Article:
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Photo of Howard M. Bloom Howard M. Bloom

Howard M. Bloom is a Principal in the Boston, Massachusetts, office of Jackson Lewis P.C. He has practiced labor and employment law representing exclusively employers for more than 36 years.

Mr. Bloom counsels clients in a variety of industries on labor law issues.

Howard M. Bloom is a Principal in the Boston, Massachusetts, office of Jackson Lewis P.C. He has practiced labor and employment law representing exclusively employers for more than 36 years.

Mr. Bloom counsels clients in a variety of industries on labor law issues. He trains and advises executives, managers and supervisors on union awareness and positive employee relations, and assists employers in connection with union card-signing efforts, traditional union representation and corporate campaigns, and union decertification campaigns. He also represents clients at the National Labor Relations Board in connection with bargaining unit issues, objections and challenges, as well as unfair labor practice investigations and trials. Mr. Bloom also has been the spokesperson at countless first and successor contract collective bargaining negotiations, and regularly advises on collective bargaining agreement administration issues, including grievance/arbitration issues.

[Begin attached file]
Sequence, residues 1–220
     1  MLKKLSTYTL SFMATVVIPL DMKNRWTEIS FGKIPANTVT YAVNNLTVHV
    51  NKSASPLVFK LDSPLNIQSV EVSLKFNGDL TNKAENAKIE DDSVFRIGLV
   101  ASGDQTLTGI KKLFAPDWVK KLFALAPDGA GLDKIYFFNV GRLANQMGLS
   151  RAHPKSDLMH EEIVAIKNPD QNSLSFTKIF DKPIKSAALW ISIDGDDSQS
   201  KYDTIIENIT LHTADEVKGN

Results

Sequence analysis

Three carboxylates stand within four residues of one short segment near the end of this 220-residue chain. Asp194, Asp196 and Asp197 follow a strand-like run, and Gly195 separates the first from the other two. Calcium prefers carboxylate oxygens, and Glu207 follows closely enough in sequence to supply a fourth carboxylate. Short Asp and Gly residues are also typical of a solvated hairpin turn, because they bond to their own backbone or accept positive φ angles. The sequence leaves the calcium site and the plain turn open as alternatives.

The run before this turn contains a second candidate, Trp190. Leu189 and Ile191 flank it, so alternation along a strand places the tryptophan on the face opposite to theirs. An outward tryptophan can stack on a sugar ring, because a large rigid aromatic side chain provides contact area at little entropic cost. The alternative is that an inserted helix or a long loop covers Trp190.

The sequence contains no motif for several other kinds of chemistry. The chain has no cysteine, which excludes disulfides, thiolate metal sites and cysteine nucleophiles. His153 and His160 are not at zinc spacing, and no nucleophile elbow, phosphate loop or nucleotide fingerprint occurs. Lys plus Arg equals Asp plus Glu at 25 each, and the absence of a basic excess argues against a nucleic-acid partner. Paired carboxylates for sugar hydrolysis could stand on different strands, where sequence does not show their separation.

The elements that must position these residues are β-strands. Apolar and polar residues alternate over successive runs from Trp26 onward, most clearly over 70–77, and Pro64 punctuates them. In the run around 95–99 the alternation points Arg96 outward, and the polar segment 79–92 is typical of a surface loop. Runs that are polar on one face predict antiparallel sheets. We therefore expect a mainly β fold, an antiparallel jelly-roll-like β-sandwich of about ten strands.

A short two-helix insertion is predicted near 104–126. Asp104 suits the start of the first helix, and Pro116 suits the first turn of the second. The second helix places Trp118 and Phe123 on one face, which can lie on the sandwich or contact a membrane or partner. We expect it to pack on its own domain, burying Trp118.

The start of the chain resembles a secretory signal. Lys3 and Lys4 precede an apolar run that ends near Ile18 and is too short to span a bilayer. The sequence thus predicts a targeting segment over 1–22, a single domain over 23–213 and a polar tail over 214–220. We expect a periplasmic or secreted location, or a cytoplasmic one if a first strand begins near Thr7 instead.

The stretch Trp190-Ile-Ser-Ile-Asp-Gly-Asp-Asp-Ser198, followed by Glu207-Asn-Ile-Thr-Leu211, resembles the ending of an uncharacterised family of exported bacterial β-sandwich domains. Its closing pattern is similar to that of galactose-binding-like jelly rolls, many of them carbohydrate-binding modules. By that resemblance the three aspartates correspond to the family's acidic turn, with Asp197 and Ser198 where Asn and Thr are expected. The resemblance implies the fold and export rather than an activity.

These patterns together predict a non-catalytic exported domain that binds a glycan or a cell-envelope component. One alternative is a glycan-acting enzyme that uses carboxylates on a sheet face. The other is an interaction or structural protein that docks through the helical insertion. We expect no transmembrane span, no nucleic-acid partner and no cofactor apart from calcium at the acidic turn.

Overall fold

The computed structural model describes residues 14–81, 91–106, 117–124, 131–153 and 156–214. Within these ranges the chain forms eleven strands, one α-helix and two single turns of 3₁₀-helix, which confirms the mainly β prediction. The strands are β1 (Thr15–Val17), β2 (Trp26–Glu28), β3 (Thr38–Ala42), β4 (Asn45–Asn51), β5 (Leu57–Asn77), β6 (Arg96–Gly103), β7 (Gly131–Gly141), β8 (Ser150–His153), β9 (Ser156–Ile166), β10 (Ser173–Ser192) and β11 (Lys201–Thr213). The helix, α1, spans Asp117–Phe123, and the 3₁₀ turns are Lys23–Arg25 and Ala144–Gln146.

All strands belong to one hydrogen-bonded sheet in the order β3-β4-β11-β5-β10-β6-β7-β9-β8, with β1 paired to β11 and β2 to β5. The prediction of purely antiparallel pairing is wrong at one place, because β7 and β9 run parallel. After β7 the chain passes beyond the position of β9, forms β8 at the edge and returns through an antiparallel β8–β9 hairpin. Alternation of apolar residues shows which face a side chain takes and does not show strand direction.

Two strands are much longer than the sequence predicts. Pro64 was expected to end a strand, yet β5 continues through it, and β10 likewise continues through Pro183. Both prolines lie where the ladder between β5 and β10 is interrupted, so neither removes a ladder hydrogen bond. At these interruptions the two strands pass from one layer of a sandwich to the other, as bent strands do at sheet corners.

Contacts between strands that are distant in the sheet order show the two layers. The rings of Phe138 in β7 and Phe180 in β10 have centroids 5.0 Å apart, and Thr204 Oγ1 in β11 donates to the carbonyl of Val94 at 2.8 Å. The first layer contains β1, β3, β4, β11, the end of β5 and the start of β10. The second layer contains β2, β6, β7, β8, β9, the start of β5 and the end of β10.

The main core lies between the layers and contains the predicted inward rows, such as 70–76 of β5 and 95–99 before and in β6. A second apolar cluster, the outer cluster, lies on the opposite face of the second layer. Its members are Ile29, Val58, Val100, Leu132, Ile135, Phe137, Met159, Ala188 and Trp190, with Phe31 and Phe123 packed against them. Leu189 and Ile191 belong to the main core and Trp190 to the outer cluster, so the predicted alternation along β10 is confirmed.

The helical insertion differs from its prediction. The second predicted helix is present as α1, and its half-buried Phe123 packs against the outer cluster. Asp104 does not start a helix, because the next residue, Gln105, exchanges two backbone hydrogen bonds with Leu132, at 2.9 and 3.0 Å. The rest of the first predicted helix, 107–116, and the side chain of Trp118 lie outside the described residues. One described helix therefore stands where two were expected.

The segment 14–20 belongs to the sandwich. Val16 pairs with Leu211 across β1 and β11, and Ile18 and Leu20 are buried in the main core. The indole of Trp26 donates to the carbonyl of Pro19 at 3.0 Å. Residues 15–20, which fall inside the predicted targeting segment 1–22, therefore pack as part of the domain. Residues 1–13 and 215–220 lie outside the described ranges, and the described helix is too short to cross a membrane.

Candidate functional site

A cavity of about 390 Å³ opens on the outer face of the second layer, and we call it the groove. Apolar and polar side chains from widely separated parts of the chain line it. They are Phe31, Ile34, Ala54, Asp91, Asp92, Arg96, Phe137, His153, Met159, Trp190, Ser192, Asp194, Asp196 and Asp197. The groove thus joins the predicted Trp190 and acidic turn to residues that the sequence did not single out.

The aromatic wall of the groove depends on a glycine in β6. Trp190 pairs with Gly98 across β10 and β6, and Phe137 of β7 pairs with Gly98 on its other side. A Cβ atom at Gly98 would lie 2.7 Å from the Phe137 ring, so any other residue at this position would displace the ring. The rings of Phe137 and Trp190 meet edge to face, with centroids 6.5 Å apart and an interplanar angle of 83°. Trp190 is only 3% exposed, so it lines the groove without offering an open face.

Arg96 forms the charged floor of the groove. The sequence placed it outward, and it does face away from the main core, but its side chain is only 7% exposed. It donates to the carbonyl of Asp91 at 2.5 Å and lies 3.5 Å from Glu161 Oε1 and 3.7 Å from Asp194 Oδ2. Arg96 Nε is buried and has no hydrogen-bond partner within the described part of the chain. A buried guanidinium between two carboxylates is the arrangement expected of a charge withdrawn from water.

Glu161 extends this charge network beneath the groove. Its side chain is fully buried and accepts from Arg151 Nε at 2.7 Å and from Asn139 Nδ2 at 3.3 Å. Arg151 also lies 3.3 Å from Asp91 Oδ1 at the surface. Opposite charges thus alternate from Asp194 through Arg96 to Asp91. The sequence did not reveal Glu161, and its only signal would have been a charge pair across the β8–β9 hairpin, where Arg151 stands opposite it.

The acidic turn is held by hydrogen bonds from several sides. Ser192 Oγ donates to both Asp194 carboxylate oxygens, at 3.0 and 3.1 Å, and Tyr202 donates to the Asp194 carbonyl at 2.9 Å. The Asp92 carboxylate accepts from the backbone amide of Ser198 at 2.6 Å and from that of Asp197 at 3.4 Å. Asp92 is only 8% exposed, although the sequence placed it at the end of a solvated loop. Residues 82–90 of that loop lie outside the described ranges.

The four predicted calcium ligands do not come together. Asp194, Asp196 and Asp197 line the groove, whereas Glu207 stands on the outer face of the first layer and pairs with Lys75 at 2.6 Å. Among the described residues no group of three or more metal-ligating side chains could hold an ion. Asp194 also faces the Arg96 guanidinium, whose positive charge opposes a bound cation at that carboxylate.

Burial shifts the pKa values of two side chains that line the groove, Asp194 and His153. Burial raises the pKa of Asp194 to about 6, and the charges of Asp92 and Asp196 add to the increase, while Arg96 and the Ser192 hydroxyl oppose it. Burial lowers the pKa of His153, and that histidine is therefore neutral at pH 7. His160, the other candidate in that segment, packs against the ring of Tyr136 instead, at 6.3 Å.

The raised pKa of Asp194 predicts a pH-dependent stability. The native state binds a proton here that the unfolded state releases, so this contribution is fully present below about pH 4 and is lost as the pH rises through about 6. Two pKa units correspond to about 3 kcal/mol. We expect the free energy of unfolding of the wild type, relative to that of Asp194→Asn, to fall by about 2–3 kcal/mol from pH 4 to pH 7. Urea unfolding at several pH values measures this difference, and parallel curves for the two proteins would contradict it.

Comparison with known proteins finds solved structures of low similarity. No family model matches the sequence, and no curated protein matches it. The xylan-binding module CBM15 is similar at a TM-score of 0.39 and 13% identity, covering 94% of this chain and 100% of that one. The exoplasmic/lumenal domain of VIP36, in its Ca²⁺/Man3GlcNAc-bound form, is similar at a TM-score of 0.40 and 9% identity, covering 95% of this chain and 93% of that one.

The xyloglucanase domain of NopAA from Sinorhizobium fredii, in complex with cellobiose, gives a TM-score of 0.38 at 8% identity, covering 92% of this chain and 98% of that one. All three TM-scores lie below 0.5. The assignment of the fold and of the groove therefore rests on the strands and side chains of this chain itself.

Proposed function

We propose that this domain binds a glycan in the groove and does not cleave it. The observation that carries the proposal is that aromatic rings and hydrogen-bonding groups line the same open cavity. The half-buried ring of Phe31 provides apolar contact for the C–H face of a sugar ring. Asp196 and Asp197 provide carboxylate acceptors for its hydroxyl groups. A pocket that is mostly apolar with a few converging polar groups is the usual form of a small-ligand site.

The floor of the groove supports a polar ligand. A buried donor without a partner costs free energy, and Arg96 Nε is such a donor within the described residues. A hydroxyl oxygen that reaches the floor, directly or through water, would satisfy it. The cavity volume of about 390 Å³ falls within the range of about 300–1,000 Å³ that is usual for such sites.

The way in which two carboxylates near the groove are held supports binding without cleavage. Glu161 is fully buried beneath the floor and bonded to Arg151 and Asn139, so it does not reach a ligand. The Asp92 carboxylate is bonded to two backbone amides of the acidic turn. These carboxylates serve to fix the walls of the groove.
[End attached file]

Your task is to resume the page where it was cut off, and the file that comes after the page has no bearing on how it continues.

Mr. Bloom has appeared before the Massachusetts Supreme Judicial Court, the U.S. Court of Appeals for the District of Columbia, several U.S. District Courts, the National Labor Relations Board, the Massachusetts Labor Relations Commission, the Equal Employment Opportunity Commission and the Massachusetts Commission Against Discrimination.

Mr. Bloom speaks frequently to employer groups on a wide range of labor and employment law topics. He also has written extensively on labor and employment law for a variety of publications, including New England Business magazine, The Boston Globe and the Boston Business Journal. He also is editor of and a frequent contributor to the Jackson Lewis Labor & Collective Bargaining Blog.

While attending law school, he was the Executive Editor of The Advocate: the Suffolk University Law School Journal and President of the Student Bar Association.

Mr. Bloom is a diehard baseball fan. His first book, The Baseball Uncyclopedia: A Highly Opinionated Myth-Busting Guide to the Great American Game, was published in February 2006.

Photo of Philip B. Rosen Philip B. Rosen

Philip B. Rosen is a Principal in the New York City office of Jackson Lewis P.C. and a member of the Firm’s Management Committee. Mr. Rosen also leads the firm’s Labor Practice Group. He joined the Firm in 1979 and served as Managing…

Philip B. Rosen is a Principal in the New York City office of Jackson Lewis P.C. and a member of the Firm’s Management Committee. Mr. Rosen also leads the firm’s Labor Practice Group. He joined the Firm in 1979 and served as Managing Partner of the New York City office from 1989 to 2009.

Mr. Rosen lectures extensively, conducts management training, and advises clients with respect to legislative and regulatory initiatives, corporate strategies, business ethics, social media, reorganizations and reductions-in-force, purchase/sale transactions, sexual harassment and other workplace conduct rules, compliance with the Americans With Disabilities Act, wrongful discharge and other workplace litigation, corporate campaigns and union organizing matters, collective bargaining, arbitration and National Labor Relations Board proceedings. He has been quoted by the press on many labor matters, including the National Labor Relations Board’s recent initiatives on protected concerted activity and the proposed Notice Posting requirements.